Rolling. For some reason at seems to be the pinnacle of success for kayaking, there is a huge amount of people who have tried and given up learning it. Could that be the reason for the mystic?
There are different priorities in regards to rolling between the whitewater and sea kayaking communities. In whitewater, you learn how to roll very early on in your boating career. The reason is simple. Pretty soon, it becomes a required skill if you want to get out and paddle in anything bigger then class 1 rapids. Spending the day swimming sucks and that is a pretty big motivational factor to learn how to roll. Contrast that to sea kayaking where it is viewed as a very advanced skill to be learned after you have mastered all the other rescue types. One could very easily paddle their entire lives never needing to roll ever.
I agree with Derrick that a lot of students leave a pool clinic feeling very frustrated. I can understand that frustration as it took me over a year of solid work just to figure it out. That’s hours and hours in a pool or lake hanging upside down. During that time worked with at least 5 different people with various degrees of success. Then one day it all snapped together and it has been bombproof ever since. How and why that happened? No idea.
From my experience, I think that some of the frustration of rolling comes from a combination of poor boats and poor instructors.
Outfitting and proper fit is one of the keys to success to learning how to roll. The problem is that unless you own your own boat, you are forced to use the club or paddling school boats that are more likely not to fit well or have worn out or poor outfitting.
Sea Kayak outfitting is years behind whitewater boats. Most companies put thigh braces in only one spot. If they are adjustable, they usually require tools. Most backbands are designed to wrap around you like a chair and doesn’t provide the type of freedom you require to do a good proper roll. Until companies start to focus on quality, easily adjustable outfitting, it is always going to be a hindrance for new rollers.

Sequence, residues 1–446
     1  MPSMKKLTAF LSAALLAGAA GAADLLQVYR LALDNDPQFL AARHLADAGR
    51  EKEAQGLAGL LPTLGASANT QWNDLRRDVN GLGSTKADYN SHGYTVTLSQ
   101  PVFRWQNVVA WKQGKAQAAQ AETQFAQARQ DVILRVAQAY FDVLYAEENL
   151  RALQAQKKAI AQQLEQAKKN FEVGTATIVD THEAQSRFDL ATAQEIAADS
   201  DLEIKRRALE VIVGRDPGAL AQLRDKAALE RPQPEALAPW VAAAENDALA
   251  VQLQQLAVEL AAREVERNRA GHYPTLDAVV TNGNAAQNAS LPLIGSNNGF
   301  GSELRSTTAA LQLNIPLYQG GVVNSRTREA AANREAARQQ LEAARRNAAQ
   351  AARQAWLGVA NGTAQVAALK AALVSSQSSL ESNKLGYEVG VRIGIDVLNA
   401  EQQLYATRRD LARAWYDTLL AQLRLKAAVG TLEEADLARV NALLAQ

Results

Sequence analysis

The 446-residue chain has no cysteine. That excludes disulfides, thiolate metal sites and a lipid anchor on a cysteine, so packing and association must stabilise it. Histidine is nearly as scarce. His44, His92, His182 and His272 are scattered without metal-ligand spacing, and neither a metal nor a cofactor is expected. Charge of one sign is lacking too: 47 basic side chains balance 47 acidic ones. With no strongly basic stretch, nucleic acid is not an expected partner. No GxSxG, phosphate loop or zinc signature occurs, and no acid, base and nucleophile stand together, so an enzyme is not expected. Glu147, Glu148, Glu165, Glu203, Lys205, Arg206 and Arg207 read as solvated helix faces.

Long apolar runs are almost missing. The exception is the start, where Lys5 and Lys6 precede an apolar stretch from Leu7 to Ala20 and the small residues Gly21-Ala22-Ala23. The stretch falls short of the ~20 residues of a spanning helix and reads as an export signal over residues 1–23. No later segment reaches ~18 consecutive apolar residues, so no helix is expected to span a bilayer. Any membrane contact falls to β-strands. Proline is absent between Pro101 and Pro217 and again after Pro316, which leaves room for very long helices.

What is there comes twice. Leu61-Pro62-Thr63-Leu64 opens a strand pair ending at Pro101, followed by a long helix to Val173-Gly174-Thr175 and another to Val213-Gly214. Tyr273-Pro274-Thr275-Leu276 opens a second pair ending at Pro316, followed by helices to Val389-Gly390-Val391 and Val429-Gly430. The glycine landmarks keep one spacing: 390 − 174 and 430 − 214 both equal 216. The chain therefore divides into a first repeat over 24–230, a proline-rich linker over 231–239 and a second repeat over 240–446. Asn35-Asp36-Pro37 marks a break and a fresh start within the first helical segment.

Another issue that frustrates new rollers is the quality of instruction out there. To be honest and very generally speaking, I don’t think that it is that great. Don’t get me wrong. I’m including myself in this as well. I am an instructor trainer for Paddle Canada so I am able to teach a couple instructor courses each year. During the courses, we spend a lot of time talking about how to actually teach people. Students work through all the common strokes and rescues that get used for introduction courses but it isn’t until somebody becomes a mid-level instructor (Paddle Canada Level 1 Instructor) that they are taught how to actually teach rolling.
On one level that makes sense, it is a complex skill and you need a fair amount of experience to read people and provide possible solutions on the fly. That isn’t always easy for absolutely brand new instructors. The problem is that we have a whole pile of instructors out there who might be able to roll themselves but have never been through the formal process of how to teach it.
I know people will read this and say that a good instructor should be able to break down any skill and be able to teach it. Yes, that is true but teaching a very complex skill like rolling requires you to know some of the inside trade secrets to be able to get somebody rolling as soon as possible.
Ok, so where does this leave us?
It’s a multi way street, students need to understand that it can be an uphill battle to get right and be encouraged to stop working on it as soon as they tired and come back with a fresh body and mind. Instructors also need to make sure that they know how to teach the skill well before they tackle it or risk frustrating students. Finally, clubs and schools need to quit promoting it as something you will get in a single 2 hour clinic. It just isn’t realistic for the average Joe.
If you find yourself teaching rolling and getting frustrated with the level of success with your students, there are a couple of things you can do:
- Talk to other instructors. Find out works for them and if there any tricks that you can steal
- Read books on rolling. Pay special attention to how they explain it. Does it make sense? If it does, try to work it into your conversation and lesson plans. All rolling books have some sort of section on common errors and possible solutions. Read through them very carefully and make notes. That will be a huge help for you when you are helping a struggling student.
- Got a fleet of boats that need some outfitting help? You can now buy portable outfitting and slide in hip wedges that will really help out. It's worth the purchase. You can also make your own out of closed cell foam that works great for pool session. Your students will thank you!
- Pay attention to your student's energy level. When they are showing signs of getting tired, stop. I always say that 2 half hour training sessions is better then a full hour of rolling.
- Finally, there are lots of different ways on how to roll. Don't be afraid to switch styles with your student if it isn't working.
Of course, I'm not the definitive expert on teaching rolling. There are lots of better rollers and instructors out there so if you have a teaching tip or don't agree with me, pipe up! That is what the comments section below is for.